How the pandemic exposed Britain’s care crisis

How the pandemic exposed Britain’s care crisis
Capitalism’s dirty secret — The government’s decision to reopen state schools is nothing to do with education, and only proves that capitalism is dependent on care work.

As Britain confronts its worst recession in 300 years the leading source of political tension has, at first glance, surprisingly little to do with the economy. No, I’m not talking about Philip Schofield finally ratting on the Tories, or Piers Morgan becoming the nation’s outstanding broadcast journalist, but the issue of schools reopening in June.

“If you really care about children, you’ll want them in schools,” opined Tory minister Michael Gove on Sunday. The British Medical Association disagrees, however, and supports the country’s largest teaching union, the NEU, in wanting to wait until case numbers have fallen further before reopening the school gates. Such a conclusion was borne of caution, rather than politicking, with the BMA eager to highlight conflicting evidence on the risk COVID-19 presents to children and their capacity to spread it. The UK “can’t afford a second spike” they went on to say, a statement few could disagree with. Even Michael Gove.

So if reopening schools is unsafe for children, teachers and the wider public, and risks undermining any gains from a lockdown which has lasted almost two months, why is the government so eager to do it?

At this point we are told, not incorrectly, that school closures have exacerbated educational inequality. That shouldn’t be a surprise given the different resources families have at home: a recent survey by the Sutton Trust – a charity focused on educational disadvantage – concluded that private school pupils were more than twice as likely to receive daily online tuition as their state-educated peers, with the poorest households often lacking access to a laptop or even an internet connection.

For the NEU, that only strengthens the argument to enhance the home learning experience – it being far wiser to provide free computers and high-speed broadband to poorer families than ending the lockdown. Such thinking is compounded by the fact that Britain’s elite public schools – Westminster, Eton College, Winchester and Harrow – are closed until September. If schools are as safe as the government claims, then why aren’t the alma maters of the Prime Minister and Chancellor opening for business?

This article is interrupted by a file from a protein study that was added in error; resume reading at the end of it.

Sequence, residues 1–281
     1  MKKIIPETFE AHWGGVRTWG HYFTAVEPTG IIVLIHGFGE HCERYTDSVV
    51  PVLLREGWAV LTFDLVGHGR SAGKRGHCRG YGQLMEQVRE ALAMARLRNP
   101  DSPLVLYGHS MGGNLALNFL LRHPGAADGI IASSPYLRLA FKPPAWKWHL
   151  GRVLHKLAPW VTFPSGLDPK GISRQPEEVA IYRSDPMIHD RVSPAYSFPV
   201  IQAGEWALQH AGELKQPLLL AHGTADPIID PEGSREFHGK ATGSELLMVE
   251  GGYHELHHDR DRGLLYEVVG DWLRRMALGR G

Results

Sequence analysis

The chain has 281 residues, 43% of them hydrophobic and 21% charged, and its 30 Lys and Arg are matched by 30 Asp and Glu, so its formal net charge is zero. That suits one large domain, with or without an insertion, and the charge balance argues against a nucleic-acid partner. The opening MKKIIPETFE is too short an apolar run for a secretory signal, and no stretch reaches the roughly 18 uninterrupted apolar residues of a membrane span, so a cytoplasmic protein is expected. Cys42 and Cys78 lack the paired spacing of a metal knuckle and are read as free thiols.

Which brings us to the real reason for the government’s insistence on opening (state) schools within a fortnight: the economy.

But what has learning to order a croque monsieur in broken French, or copying your friend’s maths homework at break, got to do with the economy? And given children would be returning to school at the tail end of the summer term, traditionally a time for watching videos and fights over own-clothes-day outfits, how might this kickstart GDP? 

The answer, in a word, is care. For once the political class, and in particular the Tories, are being brutally honest about the extent to which care work underpins almost all economic activity. As Johnson himself put it last week, “if people don’t have access to childcare and their child isn’t in school for one reason or another… then I think it’s fair to regard that as an obvious barrier to their ability to go back to work.”

This isn’t a new idea, cooked up in the quarantine-stifled fever dreams of the millennial left. Rather it was first made a century ago by Rosa Luxemburg. For ‘Red Rosa’, capitalism was like a wheel which, as it turns, creates value. This wheel was turned by something else – a bit like a bike being propelled by the force from the pedal and sprocket rather than the rear wheel – with workers creating value, some which they keep through wages and some which become profit.